Goldman Sachs Group has reportedly provided its hedge-fund clients with a pamphlet that instructs them on how to profit from the financial crisis in Europe.
According to a recent Wall Street Journal report:
“In a 54-page report sent to hundreds of Goldman's institutional clients dated Aug. 16, Alan Brazil—a Goldman strategist who sits on the firm's trading desk—argued that as much as $1 trillion in capital may be needed to shore up European banks.”
Moreover, the pamphlet claims that “small businesses in the U.S., a past driver of job production, are still languishing [emphasis added].”
According to Business Insider, Alan Brazil recommends a couple of strategies to help "play" the European disaster:
First: “Buy a six-month put option on the Euro versus the Swiss Franc, thus betting the Euro will drop against the Franc (the Franc being the currency that an official Goldman report recently referred to as the most overvalued in the world).”
Second: “Buy a five-year credit default swap on an index of European corporate debt—the iTraxx 9 [the brand name for the family of credit default swap index products that form a large sector of the overall credit derivative market and cover regions of Europe, Australia, Japan and non-Japan Asia]. This is a bet that some of these companies will default, and your insurance policy, the CDS, will pay off.”
Shrewd? Yes. Surprising? Not exactly.
Goldman Sachs has repeatedly demonstrated a quality of character that has been latitudinarian, to say the least, in regards to ethical business behavior. To put it plainly, they have a long and faithful record of fiscally perspicacious, albeit ethically questionable, business practices.
For instance, readers may remember the “California bonds” scandal where the Los Angeles Times reported that Goldman Sachs, which earned $25 million from underwriting California bonds, had advised other clients to short (i.e. shortsell) those bonds.
Then there was, and continues to be, the ever-present “personnel 'revolving-door' with U.S. government.” Back in 2008, when Goldman Sachs started receiving criticism in earnest, it became apparent that there was a “revolving door relationship” between Sachs and the Feds. Goldman Sachs employees and consultants would be moved out of the financial group and "somehow" end up in high-level U.S. Government positions. Naturally, many critics objected to this seemingly crony relationship because of the obvious conflict of interest.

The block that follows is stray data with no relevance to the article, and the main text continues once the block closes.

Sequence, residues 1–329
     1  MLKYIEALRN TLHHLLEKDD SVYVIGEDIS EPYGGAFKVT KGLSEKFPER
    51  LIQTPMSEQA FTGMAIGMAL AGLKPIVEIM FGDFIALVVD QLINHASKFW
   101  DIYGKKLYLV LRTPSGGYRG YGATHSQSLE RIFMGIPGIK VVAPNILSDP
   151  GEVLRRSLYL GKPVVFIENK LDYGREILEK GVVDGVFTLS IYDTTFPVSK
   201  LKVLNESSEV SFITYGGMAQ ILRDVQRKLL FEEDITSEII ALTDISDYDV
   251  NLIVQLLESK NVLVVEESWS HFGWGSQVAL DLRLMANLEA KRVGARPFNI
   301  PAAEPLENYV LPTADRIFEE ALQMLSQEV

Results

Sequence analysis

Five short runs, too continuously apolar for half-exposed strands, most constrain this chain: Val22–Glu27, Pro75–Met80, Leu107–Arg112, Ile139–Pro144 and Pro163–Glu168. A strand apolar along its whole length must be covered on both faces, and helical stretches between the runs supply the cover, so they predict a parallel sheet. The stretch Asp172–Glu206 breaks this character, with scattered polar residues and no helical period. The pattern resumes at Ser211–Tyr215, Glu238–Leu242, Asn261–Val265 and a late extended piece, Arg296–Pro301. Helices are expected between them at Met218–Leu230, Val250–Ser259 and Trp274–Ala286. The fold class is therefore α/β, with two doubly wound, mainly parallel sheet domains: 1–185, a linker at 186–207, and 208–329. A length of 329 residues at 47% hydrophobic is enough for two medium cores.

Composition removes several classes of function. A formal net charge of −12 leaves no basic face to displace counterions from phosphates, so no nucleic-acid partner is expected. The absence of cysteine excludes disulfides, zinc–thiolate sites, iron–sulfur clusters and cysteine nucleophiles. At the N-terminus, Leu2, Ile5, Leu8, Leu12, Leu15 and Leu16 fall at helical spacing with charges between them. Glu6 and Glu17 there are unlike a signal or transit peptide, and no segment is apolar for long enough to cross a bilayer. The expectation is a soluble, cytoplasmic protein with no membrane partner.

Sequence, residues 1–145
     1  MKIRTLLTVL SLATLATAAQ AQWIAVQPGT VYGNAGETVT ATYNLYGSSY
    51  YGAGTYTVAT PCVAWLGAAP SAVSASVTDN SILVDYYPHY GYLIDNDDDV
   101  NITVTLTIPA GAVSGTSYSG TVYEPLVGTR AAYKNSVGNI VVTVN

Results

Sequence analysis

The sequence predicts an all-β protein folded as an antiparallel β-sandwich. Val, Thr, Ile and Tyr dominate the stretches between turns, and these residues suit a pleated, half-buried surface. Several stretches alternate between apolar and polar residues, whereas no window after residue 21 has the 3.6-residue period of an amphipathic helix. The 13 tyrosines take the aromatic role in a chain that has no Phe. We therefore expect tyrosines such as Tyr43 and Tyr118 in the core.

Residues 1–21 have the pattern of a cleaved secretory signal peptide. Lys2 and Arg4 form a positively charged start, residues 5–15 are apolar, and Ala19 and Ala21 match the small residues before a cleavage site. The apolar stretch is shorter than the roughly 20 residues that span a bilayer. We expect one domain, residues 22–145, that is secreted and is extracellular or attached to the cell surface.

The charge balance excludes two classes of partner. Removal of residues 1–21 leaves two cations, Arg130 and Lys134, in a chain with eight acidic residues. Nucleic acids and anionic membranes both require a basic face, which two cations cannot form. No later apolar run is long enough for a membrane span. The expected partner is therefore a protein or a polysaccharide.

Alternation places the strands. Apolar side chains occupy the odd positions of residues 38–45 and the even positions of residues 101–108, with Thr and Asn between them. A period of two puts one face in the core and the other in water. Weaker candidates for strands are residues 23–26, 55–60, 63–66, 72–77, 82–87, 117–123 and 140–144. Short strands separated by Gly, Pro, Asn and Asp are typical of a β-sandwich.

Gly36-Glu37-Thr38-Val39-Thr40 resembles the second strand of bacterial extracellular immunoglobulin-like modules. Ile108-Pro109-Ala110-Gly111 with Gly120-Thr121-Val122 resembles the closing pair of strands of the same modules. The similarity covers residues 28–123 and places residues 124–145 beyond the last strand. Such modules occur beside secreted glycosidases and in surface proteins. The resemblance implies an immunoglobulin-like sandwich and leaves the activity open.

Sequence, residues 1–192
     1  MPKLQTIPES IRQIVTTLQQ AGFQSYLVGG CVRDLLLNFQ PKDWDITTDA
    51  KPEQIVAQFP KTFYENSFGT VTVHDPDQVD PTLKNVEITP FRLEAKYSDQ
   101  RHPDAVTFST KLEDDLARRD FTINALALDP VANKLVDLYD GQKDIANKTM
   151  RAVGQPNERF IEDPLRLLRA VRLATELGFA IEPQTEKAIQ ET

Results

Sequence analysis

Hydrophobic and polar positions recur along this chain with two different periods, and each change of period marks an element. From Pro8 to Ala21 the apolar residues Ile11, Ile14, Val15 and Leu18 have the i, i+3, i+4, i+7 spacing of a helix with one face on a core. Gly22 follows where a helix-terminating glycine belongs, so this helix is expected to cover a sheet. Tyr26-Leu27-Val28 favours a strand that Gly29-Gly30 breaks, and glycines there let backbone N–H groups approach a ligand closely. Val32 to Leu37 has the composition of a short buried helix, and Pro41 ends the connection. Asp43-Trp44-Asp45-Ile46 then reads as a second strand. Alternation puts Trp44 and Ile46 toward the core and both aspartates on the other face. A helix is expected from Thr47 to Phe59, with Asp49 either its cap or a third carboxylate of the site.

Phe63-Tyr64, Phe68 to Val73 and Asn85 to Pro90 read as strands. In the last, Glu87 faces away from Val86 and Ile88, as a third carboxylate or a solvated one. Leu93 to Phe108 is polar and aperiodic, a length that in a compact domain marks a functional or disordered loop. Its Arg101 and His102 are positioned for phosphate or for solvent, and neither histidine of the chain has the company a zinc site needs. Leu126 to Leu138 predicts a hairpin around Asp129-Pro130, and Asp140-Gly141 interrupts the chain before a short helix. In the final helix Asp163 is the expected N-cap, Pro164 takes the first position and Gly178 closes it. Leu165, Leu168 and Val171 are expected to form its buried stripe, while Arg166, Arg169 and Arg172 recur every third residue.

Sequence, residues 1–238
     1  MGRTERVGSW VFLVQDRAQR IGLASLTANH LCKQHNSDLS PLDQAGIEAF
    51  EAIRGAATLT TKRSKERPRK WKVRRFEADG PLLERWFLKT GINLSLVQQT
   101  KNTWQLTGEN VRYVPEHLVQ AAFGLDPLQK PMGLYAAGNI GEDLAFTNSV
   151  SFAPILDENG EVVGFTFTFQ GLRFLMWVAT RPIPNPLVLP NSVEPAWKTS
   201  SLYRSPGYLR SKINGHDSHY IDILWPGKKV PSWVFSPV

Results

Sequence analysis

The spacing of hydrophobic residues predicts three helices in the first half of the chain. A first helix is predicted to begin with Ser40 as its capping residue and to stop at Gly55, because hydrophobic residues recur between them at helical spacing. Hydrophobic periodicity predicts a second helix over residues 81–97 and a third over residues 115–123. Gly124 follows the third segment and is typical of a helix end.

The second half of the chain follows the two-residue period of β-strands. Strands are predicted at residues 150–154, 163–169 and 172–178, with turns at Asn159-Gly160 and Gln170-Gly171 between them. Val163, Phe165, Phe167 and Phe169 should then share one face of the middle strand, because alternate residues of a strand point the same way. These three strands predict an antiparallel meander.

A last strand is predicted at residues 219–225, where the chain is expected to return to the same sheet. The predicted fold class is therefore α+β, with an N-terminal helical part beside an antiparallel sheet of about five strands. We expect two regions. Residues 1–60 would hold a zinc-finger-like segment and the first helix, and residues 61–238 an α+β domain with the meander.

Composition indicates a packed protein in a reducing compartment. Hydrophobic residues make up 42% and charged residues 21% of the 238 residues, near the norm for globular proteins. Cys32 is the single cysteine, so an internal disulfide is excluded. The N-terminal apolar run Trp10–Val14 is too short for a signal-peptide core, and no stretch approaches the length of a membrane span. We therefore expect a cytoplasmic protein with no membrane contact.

These were no minor players who went on to become powerful and influential U.S. government officials. For example, former Treasury Secretary Paulson was a former CEO of Goldman Sachs. Former Goldman Sachs lobbyist Mark Patterson became chief of staff to Treasury Secretary Timothy Geithner (despite President Barack Obama's campaign promise that he would limit the influence of lobbyists in his administration).
And strengthening the claim of a nefarious relationship between the two, the Washington Examiner pointed out back in February 2011, that Goldman Sachs was "the company from which Obama raised the most money in 2008" and that its "CEO Lloyd Blankfein has visited the White House 10 times."
We could go on and mention the Goldman Sachs insider trading cases where, in 1986, Goldman employee David Brown was convicted of passing inside information to Ivan Boesky, the infamous Wall Street arbitrageur, on a takeover deal. Robert Freeman, who was a senior Partner, the Head of Risk Arbitrage and a protégé of Robert Rubin (a member of the Board and Co-Chairman from 1990-1992) was also convicted of insider trading, for his own account and for the firm's account.
And let us not forget their involvement with Greece and European sovereign debt crisis. Goldman Sachs allegedly helped the Greek government mask the true facts concerning its national debt between the years 1998 and 2009. In September 2009, Goldman Sachs, among others, created a special credit default swap (CDS) index to cover of high risk of Greece's national debt. As result of this collaboration, the interest-rates of Greek national bonds have soared to a very high level and has led the Greek economy very close to the brink of bankruptcy.
These are only a few examples in the long, illustrious history of Goldman Sachs. Knowing full well their common modus operandi, this recent cash-in-on-Europe pamphlet does not come as a surprise at all.
In fact, it is moderately tame compared to what they are capable of. Maybe they are turning a corner.